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Setting It Up: How to Use Parental Controls

Monday, February 24, 2020

You might not want to take a lot of time searching for parental controls. After all, what if you could control your kids’ activity without a bunch of new apps? If you do go with our previous recommendations, like keyloggers and Internet filters, they’re very useful. And if they fit your priorities and needs, go for it! But most sites and devices already have built-in parental controls. 

In today’s digital age, companies know how many children are using the devices they put out. If they’re younger, maybe you hand your smartphone to your child while you’re waiting in the doctor’s office. Maybe their daycare or preschool uses devices to educate and entertain. If they’re older, devices are a part of their everyday life, just like they are for you. That means that all devices usually come with controls. 

Most social media sites, email providers, and devices have these built-in controls. All you have to do is find them, decide which ones work for your unique situation, and enable them. 

For starters, what parental controls can you include on social media? It depends on the accounts that your child has. Take Instagram, for instance. When your child creates an account, it’s automatically public. That means anything they post can be viewed by anyone on the Internet. It also means that anyone can comment on their posts or message them, too. 

If your child is younger, putting their account in private might be a great idea. That way, only a few friends and family members can interact with them on the platform. If you get into the Instagram settings associated with the account, you’ll see the ability to hide offensive comments. It’s not fool-proof, especially since this Instagram feature is definitely a work in progress. But it’s helpful and might be a starting measure. 

However, one of the most parental controls is education. That means it’s worthwhile to take the time to educate your children about the reporting feature. If your child sees offensive content on Instagram, you can’t stop it or take it back. But they can report it. When they do go to the report, there are multiple categories. For instance, one is nudity, while another can be filed under racist slurs. But there’s another reason why learning about the reporting feature is so important. If a child is worried about the type of material their friends might be posting—such as suicide, eating disorders, or self-harm—they can report that as well. Of course, it’s important to talk to adults in their life, but taking the time to report the content is also worthwhile. That way, they can ensure that no one else sees it.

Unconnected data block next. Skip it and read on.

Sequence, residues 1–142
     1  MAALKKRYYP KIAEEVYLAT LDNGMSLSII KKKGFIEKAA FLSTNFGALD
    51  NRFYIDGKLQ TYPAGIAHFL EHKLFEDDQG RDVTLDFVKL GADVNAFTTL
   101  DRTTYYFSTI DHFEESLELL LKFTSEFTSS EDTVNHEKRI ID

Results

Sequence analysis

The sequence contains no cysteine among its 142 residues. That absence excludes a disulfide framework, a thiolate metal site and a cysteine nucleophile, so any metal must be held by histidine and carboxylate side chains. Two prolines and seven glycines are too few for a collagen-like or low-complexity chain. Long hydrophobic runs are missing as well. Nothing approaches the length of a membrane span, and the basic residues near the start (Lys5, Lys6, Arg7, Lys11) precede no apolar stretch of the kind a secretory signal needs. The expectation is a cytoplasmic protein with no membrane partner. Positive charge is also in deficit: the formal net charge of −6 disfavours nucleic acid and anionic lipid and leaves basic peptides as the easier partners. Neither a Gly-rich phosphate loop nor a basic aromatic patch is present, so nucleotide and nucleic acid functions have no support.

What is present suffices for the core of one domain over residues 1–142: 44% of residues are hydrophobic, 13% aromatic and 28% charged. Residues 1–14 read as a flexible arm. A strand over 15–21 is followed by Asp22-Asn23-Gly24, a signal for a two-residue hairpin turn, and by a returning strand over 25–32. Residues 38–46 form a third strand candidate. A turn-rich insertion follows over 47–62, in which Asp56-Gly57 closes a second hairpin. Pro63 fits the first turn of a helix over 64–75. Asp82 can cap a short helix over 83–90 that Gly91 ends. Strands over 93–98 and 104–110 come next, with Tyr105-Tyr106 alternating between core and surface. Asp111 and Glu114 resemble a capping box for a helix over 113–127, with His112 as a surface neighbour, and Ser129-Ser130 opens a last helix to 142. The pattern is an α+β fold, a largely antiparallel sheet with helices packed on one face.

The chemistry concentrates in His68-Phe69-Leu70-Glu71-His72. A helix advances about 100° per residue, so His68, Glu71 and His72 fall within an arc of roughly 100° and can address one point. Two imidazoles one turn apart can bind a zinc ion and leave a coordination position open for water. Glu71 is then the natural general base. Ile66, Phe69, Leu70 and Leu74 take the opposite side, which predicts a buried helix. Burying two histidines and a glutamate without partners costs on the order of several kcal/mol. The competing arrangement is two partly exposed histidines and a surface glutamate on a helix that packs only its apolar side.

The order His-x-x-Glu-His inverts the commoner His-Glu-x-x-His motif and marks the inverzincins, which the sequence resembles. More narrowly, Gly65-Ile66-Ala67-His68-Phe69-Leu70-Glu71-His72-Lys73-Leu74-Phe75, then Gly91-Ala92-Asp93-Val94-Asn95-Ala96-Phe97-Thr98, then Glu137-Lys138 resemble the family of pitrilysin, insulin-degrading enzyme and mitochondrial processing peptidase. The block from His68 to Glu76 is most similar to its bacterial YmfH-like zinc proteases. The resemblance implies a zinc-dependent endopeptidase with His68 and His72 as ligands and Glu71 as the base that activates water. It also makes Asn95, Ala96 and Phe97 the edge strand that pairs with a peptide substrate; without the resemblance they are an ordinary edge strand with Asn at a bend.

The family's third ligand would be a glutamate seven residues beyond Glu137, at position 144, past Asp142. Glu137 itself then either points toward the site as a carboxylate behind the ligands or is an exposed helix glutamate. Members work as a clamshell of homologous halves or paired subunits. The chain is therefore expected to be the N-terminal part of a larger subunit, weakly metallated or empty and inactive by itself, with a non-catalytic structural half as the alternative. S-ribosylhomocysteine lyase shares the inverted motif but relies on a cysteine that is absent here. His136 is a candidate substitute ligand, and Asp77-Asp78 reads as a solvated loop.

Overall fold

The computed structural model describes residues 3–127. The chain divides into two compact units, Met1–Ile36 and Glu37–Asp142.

These types of controls are applicable to all social media platforms. But what about teaching your child to self-regulate? Instagram, as well as other social media platforms, have the capability to set reminders or limitations. After they’ve been on Instagram for a certain amount of time on a given day, it will give pop-up reminders. Other apps, such as TikTok, also have digital well-being notifications and reminders. 

The devices that your child has also come with pre-built parental controls. All you have to do is enable them. For instance, on an Android device, you’ll need to go to Settings. Then, select Parental Controls. You have a few different options. 

As always, it’s best to inform your child of the controls you’ve put on your phone. That’s especially true because you don’t want to only know about what they’re doing online. If you find them doing things or viewing content that they shouldn’t be, you’ll need to talk to them about it. Most of the time, you won’t be able to without revealing that you were monitoring their activities.

With Google’s Family Link controls, you’ll be able to do a few things. For one, you’ll be able to restrict app downloads. You’ll need to connect your phone to theirs, to approve these downloads. You’ll also be able to put content filters on Google Play, which could prove useful. 

With these Family Link features, you’ll be able to keep an eye on how much screentime they have, and when they’re doing it. An hour of screentime on any given day isn’t concerning at all. But you might be worried about why it’s happening at 2 o’clock in the morning. If your findings are concerning, you’ll be able to set some limits. And if you do need to supervise their phone remotely, you’ll be able to do so through Google’s Family link as well. 

For a final security measure, it’s worthwhile to investigate email providers and controls. For instance, some providers will carbon copy parents on every email that’s sent and received. If you’re worried about who they’re communicating with, this is a great way to do it. 

Taking care of your kids’ safety and wellbeing is a difficult line to walk. You don’t want to abuse their trust, and you don’t want to tempt them to simply learn how to circumvent the filters. But if your goal is keeping them safe and gradually making them independent online, you’ll be able to move forward with confidence. 

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